A tackling seminar at Lamar School Wednesday aimed to show local coaches safer and more effective ways of bringing down ball carriers on the football field.
Approximately 20 coaches from Lamar and the Meridian Public School District gathered in the school’s Raider Room to listen to a presentation by two representatives from Atavus Rugby & Football, a Seattle-based company that travels around the United States and provides instruction on proper tackling that is both potent and preventative of head injuries.
“It’s the marriage of safety and performance,” said Sean Hopper, one of the reps present. “A lot of coaches say, ‘If we’re going to be safer, it’s not football anymore because we’re not hitting hard.’ That’s not true. We’re hitting just as hard and even better.”
Hopper and his colleague, Scott Lawyer, used film from the NFL and college football to show the correct and incorrect ways players have tried to make tackles before heading outside to show drills coaches can use in practice. They emphasized that the coaches should not only teach their players to lead with their shoulder and not their head but to also dominate contact by leading with the correct shoulder and keeping the hips low to bring down the ball carrier as soon as possible. This helps minimize “preventable yards,” or yards the ball carrier picks up after first contact.
They also taught to make tackles with a strong body position. Players should hit ball carriers on the uprise and keep their eyes focused on the chest-to-hip area to avoid over-pursuing and getting juked, they said. A jab punch that wraps around the ball carrier along with proper footwork, which the representatives called the most under-coached aspect of tackling, can prove powerful.
“We want to keep the integrity of the game as being physical,” Lawyer said. “But we also want to bring that safety component, too, to be more responsible and more instinctual.”
Atavus was founded in 2011 with a focus on rugby. After working with the Seattle Seahawks in 2014, it was rebranded to target both sports and has since partnered with the University of Washington and Ohio State, as well as high schools around the country.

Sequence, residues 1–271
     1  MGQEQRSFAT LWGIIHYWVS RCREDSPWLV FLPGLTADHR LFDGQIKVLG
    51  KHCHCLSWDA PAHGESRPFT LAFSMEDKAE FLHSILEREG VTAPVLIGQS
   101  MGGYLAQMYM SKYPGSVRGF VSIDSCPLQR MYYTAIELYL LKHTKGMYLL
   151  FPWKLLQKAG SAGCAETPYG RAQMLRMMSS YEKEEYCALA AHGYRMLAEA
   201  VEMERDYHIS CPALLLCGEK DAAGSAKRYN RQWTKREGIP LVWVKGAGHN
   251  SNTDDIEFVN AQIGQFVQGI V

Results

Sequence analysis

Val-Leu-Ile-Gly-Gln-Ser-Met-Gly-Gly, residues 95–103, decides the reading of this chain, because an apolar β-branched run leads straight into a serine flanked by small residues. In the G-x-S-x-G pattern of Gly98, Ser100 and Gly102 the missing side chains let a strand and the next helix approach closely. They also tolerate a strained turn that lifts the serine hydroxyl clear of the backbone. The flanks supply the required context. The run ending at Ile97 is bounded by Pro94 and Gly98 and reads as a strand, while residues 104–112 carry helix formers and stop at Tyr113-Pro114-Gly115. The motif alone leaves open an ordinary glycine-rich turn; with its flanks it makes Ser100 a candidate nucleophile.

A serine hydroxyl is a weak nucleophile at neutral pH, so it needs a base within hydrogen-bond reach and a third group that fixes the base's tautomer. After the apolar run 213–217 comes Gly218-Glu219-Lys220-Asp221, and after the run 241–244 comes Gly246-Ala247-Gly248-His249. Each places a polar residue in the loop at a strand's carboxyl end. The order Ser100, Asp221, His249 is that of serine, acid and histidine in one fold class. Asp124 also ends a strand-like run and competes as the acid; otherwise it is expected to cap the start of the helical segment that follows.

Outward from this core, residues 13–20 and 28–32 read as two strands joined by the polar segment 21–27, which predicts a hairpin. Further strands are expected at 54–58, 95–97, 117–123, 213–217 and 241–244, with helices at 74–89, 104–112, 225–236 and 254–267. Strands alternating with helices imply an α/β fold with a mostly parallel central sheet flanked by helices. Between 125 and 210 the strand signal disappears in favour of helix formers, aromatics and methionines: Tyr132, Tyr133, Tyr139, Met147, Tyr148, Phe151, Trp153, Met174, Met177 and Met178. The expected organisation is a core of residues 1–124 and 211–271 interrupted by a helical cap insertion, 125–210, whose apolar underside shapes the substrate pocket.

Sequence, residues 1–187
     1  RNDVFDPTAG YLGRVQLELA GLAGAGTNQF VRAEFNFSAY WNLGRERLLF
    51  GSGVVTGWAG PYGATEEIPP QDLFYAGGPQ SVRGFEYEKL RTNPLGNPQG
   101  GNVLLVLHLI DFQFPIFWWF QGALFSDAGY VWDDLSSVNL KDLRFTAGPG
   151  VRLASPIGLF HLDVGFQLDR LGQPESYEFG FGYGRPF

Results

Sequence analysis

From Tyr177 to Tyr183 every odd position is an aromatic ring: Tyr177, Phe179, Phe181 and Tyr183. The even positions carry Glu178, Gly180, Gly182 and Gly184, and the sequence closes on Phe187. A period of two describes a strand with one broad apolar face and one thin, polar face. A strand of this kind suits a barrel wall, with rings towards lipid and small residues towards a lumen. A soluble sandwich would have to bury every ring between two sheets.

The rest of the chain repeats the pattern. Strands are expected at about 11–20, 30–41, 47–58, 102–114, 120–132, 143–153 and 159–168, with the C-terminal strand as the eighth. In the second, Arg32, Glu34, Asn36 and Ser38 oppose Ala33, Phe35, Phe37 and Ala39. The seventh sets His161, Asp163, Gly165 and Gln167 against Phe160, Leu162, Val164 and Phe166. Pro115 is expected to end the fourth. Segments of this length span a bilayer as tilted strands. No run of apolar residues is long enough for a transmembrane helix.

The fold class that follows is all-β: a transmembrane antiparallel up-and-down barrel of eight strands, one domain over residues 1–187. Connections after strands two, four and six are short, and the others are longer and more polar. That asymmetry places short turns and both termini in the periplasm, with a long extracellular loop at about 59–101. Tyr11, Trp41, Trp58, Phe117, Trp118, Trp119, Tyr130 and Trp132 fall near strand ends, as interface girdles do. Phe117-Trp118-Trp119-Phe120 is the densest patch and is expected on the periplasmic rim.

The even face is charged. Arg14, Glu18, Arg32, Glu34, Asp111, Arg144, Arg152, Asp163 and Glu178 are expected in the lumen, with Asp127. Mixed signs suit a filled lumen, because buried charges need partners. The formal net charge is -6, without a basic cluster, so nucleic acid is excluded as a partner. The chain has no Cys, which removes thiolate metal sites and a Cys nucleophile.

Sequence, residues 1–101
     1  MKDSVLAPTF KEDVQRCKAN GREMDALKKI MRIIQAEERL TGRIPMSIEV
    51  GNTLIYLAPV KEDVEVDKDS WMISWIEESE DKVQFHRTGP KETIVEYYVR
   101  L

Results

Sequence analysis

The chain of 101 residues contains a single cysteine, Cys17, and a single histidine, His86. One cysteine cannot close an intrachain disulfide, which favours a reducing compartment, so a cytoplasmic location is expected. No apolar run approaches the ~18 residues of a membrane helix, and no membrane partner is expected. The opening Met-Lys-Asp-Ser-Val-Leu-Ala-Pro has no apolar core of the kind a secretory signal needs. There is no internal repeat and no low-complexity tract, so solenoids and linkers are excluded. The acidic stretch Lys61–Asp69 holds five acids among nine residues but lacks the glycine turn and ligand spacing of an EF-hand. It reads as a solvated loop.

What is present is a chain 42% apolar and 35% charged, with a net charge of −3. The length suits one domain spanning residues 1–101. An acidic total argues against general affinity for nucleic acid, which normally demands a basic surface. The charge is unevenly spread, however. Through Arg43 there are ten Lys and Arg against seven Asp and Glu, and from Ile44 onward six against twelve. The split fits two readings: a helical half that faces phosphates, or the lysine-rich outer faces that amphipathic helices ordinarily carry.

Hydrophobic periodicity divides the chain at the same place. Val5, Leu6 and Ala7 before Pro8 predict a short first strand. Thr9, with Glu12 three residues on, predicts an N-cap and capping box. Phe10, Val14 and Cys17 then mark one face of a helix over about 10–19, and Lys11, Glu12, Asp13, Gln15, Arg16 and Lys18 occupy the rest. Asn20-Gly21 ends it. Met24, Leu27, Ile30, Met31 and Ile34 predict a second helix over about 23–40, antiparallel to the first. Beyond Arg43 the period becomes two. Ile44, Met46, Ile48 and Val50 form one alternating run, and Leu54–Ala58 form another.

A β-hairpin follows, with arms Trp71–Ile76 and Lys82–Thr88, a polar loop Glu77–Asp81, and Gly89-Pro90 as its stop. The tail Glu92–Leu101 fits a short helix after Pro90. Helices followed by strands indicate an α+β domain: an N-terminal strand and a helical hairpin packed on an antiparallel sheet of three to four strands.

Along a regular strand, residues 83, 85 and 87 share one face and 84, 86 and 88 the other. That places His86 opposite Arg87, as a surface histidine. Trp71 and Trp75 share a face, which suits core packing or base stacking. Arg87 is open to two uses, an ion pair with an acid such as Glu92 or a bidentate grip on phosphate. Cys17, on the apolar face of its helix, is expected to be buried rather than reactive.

The visit was organized by Lamar head coach Mac Barnes, entering his 19th year at the helm for the Raiders. After seeing an online advertisement four months ago, Barnes formed a relationship with Hopper and the company and tried to set up a seminar in May.
Now in July, weeks before fall camp begins, Barnes is relieved to have finally gotten Atavus to Meridian.
“I wanted to bring them in because I think it’s such a critical issue with concussions and tackling in football,” Barnes said. “I think we’ve got to make some changes in football, and I think tackling is the No. 1 thing.”
A coach for more than four decades, Barnes admitted his tackling instruction over the years proved inefficient and unsafe. He said Atavus’ shoulder-tackling method is the way to go.
“There are things that have been ingrained in my mind in tackling that are really just not the right thing,” Barnes said.
The honesty and openness of Barnes and other coaches during the seminar is something Hopper said he doesn’t generally get, but loves.
“The great thing about these coaches is that they admitted it in the presentation. That’s actually pretty rare,” Hopper said. “Usually you’ll get coaches whose arms are crossed, then as the presentation comes through you’ll see them opening up.”
Meridian High School head coach John Douglass said he was drawn to the seminar because he wants parents to feel okay about their kids playing football. He hopes that players of all ages will benefit.
“This is something that, once we get certified and comfortable with this, we want to take, even down to the youth leagues,” Douglass said. “This is something that we want to implement as much as we can.”
Coaches will be able to take a test through Atavus to become tackling certified. They can also send in game film and videos of their instruction for evaluation.
“When you can teach kids an effective way to tackle that doesn’t involve the head, and the helmet truly becomes what is was intended to be, which is protective, then you’re making the kid safer and available on Fridays,” Douglass said.